Recently, my friend Catharine told me about a book her friend wrote based on her blog, "Formerly Hot"—a phrase, I thought, that aptly described me. Well, maybe "Hot" is a stretch. But after three kids and seven years of marriage, I'd come to categorize myself as "Formerly Good Enough."
It wasn't that I'd passed 40 like the blog and book author; it was that my tricks for attraction, like half shirts, no longer sat right on my newly pillowy midriff and had found a new home at Goodwill. My ability to be demure was supplanted by my desire for help, and a lot of it: bedtimes, night wakings, feedings and fits. I missed that raw chemistry that once had existed between my husband, Matt, and me. Why Married Sex Is The Best
Your chemistry is part of what pulls your desire for one another through those effects aging has on your body: the wrinkles, the grays, the slight bulge of baby fat time and exercise do nothing to shrink. But Matt and I knew too much of each other now. We brought so much into our shared moments: our hopes, our fears, our resentments and a slew of what ifs. We'd lost the ability to get lost in a moment, become over-swept by euphoria, allow some primal urge to bring our bodies together. I couldn't separate how I felt about Matt's parenting with how I felt about him. And some days I felt he saw an undone task list before he saw me. 10 Ways To Divorce-Proof Your Marriage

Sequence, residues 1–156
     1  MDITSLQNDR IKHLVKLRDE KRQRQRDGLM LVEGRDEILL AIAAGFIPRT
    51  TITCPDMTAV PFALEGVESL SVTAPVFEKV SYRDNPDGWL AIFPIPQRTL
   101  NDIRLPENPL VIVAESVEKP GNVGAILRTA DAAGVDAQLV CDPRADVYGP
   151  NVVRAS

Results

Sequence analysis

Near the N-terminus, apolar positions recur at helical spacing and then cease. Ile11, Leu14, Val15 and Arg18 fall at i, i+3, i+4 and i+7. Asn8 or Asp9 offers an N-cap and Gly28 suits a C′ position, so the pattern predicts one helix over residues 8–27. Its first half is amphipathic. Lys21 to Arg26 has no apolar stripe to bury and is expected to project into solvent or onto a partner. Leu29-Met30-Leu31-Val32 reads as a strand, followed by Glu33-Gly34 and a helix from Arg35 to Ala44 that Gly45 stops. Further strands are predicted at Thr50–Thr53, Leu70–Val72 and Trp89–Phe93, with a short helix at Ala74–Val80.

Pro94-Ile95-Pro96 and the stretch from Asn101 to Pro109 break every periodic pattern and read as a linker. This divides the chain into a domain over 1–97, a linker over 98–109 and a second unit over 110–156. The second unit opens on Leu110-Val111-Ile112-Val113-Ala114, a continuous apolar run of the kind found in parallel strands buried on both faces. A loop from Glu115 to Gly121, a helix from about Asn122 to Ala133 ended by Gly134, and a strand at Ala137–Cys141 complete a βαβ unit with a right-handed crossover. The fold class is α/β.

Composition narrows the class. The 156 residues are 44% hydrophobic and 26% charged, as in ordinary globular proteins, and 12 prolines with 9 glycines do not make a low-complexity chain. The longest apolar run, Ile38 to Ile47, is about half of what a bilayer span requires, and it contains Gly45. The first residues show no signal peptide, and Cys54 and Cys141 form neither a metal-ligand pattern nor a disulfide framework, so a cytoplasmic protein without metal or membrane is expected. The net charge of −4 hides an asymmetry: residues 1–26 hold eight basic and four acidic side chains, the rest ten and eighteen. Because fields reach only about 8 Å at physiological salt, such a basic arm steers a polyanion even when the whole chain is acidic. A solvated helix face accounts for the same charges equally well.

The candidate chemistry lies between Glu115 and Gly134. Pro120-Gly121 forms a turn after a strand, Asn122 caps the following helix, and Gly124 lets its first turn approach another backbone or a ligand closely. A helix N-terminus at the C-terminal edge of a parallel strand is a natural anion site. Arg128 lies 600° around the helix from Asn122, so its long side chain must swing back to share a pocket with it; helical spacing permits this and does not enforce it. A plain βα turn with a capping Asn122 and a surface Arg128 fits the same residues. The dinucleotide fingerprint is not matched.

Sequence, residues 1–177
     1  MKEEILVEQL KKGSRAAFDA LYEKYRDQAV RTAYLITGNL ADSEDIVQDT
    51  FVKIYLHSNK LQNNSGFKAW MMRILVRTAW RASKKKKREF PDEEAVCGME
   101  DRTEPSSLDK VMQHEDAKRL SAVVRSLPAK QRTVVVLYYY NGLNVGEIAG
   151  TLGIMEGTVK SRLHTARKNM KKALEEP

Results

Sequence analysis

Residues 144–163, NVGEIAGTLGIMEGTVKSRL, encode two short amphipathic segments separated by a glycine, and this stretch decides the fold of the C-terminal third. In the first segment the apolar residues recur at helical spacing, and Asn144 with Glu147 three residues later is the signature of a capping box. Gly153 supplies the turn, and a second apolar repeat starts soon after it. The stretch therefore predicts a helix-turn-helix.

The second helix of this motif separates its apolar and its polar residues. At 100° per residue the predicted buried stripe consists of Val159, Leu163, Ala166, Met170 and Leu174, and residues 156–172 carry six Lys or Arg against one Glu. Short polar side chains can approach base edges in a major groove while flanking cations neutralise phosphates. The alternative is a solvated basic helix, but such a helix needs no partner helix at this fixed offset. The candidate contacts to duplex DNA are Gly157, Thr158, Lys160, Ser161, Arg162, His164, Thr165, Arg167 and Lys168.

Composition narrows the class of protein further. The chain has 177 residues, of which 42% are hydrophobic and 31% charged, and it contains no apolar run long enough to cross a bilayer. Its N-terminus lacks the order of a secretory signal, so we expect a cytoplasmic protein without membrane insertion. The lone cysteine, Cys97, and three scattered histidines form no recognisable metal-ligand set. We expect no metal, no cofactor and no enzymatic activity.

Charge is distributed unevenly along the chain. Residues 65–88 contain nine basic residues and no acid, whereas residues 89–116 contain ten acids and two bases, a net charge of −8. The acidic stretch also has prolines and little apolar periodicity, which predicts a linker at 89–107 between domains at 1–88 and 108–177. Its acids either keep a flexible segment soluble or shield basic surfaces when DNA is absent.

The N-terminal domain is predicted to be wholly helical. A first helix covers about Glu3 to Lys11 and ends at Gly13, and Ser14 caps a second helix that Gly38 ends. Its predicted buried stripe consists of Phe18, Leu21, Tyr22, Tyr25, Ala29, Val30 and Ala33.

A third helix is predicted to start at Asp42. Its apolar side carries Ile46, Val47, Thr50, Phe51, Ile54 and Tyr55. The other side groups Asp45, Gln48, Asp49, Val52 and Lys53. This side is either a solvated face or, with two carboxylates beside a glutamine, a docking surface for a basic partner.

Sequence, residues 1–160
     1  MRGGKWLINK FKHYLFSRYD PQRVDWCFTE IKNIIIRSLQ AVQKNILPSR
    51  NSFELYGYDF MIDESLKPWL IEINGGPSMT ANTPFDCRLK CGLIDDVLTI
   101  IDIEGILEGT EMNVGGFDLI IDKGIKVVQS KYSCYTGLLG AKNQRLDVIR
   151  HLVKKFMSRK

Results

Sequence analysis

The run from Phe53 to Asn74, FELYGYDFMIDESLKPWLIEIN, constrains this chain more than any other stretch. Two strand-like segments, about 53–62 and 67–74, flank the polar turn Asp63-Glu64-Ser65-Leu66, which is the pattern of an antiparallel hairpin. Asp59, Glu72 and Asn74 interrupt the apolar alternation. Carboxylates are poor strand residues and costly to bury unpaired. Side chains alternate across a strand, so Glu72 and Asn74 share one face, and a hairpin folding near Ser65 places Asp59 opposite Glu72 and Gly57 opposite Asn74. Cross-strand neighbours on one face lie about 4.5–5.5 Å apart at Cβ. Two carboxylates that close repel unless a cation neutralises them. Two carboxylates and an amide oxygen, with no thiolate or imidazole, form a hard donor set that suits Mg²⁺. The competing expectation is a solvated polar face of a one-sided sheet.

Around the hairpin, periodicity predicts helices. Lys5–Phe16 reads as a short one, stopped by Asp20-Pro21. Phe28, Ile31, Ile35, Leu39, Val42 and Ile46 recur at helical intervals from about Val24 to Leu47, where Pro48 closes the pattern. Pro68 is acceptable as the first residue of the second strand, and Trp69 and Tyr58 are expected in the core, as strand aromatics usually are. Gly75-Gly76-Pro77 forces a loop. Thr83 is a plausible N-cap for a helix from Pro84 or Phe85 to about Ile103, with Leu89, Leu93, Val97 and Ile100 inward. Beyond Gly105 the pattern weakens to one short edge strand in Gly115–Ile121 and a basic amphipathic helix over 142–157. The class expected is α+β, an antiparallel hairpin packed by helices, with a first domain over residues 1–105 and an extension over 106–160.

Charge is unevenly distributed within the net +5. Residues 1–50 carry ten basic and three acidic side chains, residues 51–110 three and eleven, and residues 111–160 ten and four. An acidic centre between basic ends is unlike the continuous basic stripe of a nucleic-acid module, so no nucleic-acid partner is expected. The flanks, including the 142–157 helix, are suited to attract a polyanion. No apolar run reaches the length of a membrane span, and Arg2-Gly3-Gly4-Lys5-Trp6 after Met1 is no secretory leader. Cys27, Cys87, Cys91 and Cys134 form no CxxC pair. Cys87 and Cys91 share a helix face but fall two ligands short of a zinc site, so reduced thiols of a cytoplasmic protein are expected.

And then, one day, a friend gave me a picture she'd taken before I'd had a chance to wake up. In it, I wear an old sweatshirt that had belonged to my mother, and I'm eating out of a bowl while standing up. My hair is parted down the middle. I look awful. So horrible, in fact, I put it straight into my garbage. And stomped it down. 3 Secrets To Exuding Sexy
What she gave me was a snapshot of my life. I realized what bothered me weren't the physical aspects of my appearance in the photograph: the uncombed hair, the shapeless sweatshirt, the inability to sit down for a full meal while raising three children. Those are parts of yourself you show when living together. Unfortunately.
It was that I lacked energy, fire, focus, direction. I was worn down and run out. And I didn't know how to feel alive again in the most human of ways. Because I wasn't the person I was before children, physically or mentally. I'd shed those romantic notions of helplessness and vulnerability I'd had while single. But it's tricky to reinvent yourself while in a relationship; you can only hope your marriage is strong enough to sustain it.
First, I had to free myself, to realize it was okay to put myself first sometimes, that I had a right to life too. "Can you watch the kids tonight?" I'd ask Matt, slipping on earrings, off for a night out with girlfriends. Soon I started dressing better during oppressive Minnesota winters; thinking more; feeling engaged mentally even when I wasn't. As my peer group stretched, I got support, ears to listen, voices that identified; I didn't depend solely on Matt for validation or appreciation. And through that I found my voice.